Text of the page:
• 15 January 2010
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India's Biotech Decade

India’s Biotech Decade


The year-end special reports in the print and visual media have called the years from 2000 to 2009 as “India’s Decade.” There are several reasons why commentators in various segments take pride in highlighting the fact that India’s arrival on the world stage finally got noticed in the past decade.

Biotechnology is one among the sectors which has raised the profile of the country in the last decade. At the beginning of the decade, the industry began to take shape with sprouting of dozens of start-ups and diversification of the established pharma players by setting up biotech divisions to focus on this segment. A lot of significant developments have taken place in the sector since Shantha Biotech gave the sector a leg up with the first home-made Hepatitis B vaccine.

What is the outlook for biotech in the next decade? This is a question uppermost in the minds of the significantly large biotechnology stakeholder community. The eco-system today is a strong network of educational institutions, technology equipment and service providers, academic researchers, media, patent attorneys, infrastructure providers like biotech parks, technology incubators, financial investors of many hues, regulators and policy makers at various levels of the government.

There are three emerging trends. BioPharma, which constitutes nearly two-thirds of the Indian biotech sector, is investing in innovative product development. However, like their counterparts in the software sector, the balance seems to be shifting towards the services sectors. Clearly, a lot of companies see more value in ramping up their services offerings even as they try to master the technological, financial and regulatory challenges before they are able to offer cutting edge drugs in the market place.

The first decade of Indian biotech saw the phenomenal IPO of Biocon. But Biocon seems to be a lone exception. The initial expectations of more biotech companies coming to the market has not happened due to a variety of reasons which include absence of a mature financial market. At the same time, it is the inability of biotech entrepreneurs to show case themselves as strong companies for investments too have contributed to the lackluster investor interest in biotech sector.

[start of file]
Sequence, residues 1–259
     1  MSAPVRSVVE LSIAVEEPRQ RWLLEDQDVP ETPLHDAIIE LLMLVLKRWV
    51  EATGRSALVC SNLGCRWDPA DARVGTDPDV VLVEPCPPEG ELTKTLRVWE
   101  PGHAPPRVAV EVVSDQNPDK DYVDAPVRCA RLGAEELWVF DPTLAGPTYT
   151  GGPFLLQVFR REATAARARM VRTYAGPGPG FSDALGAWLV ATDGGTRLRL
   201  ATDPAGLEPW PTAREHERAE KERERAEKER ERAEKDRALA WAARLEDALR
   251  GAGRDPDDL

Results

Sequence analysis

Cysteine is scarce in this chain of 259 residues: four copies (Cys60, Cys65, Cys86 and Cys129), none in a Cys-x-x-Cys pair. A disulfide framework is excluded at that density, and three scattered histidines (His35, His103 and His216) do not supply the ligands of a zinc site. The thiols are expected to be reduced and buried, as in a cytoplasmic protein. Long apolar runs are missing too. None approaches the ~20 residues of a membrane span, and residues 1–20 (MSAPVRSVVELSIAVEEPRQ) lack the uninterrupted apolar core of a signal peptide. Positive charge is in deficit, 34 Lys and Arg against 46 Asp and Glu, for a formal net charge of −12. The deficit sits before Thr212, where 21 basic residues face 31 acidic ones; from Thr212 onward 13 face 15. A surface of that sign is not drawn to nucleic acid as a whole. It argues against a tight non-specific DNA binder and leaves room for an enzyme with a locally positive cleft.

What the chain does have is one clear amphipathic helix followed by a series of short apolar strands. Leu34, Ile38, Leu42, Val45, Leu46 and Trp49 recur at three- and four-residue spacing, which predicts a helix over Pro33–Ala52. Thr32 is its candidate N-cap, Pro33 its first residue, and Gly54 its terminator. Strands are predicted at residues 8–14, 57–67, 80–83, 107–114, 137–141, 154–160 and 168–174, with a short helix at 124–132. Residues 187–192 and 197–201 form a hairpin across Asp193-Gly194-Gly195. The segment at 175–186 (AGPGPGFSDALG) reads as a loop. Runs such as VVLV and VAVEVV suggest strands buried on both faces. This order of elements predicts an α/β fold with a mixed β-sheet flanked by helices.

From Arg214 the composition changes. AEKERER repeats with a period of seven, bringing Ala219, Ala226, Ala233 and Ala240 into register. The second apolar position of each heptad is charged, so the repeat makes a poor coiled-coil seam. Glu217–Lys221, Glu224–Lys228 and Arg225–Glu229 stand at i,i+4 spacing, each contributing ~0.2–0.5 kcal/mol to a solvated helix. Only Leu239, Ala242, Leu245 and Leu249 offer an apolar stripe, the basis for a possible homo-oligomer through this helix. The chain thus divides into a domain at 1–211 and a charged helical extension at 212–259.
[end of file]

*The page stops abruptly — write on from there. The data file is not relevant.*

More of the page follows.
The second trend relates to the high profile BioAgri segment. This segment emerged when the first transgenic product (Bt cotton) was approved in early 2002 and it became a big hit with the cotton farmers. However, the BioAgri segment is entering a new stage with the imminent approval of the country’s first genetically modified (GM) food crop, a Bt brinjal. The hard hitting opponents of Bt cotton lost out as farmers opted for the Bt cotton variety. But the game has changed for the first GM food crop. Food is a highly emotional issue and the anti-GM food opponents have clearly created an anti-GM climate in the country by their vigorous campaign at the grass roots level. The GM food companies will really have to do something extraordinary in the next few months to win back public support for Bt brinjal and other GM food products in the pipeline. Putting all their eggs in the basket of the regulator alone may not be enough if the anti-GM campaigners continue their momentum.

Biofuels is the third vital component of the Indian biotech story. Here the climate seems to be more favorable for the growth. There are apprehensions about the diversion of land from food crops to grow biofuel-bearing plants, based on the experience in the US and Brazil. So far, the national policy has discouraged diversion of crop lands and with more than 30 million hectares of degraded and waste lands available with public authorities, India’s biofuel companies may steer clear of any controversy. The latest biofuel policy is a support for this sector.

To sum up, I clearly visualize better days ahead for the BioServices segment and Biofuel companies. BioAgri companies will have to work hard to win public support for GM foods and all biotech entrepreneurs will have to relook at their business models if they actually aim to offer an exit route to their core investors through the public listing option.

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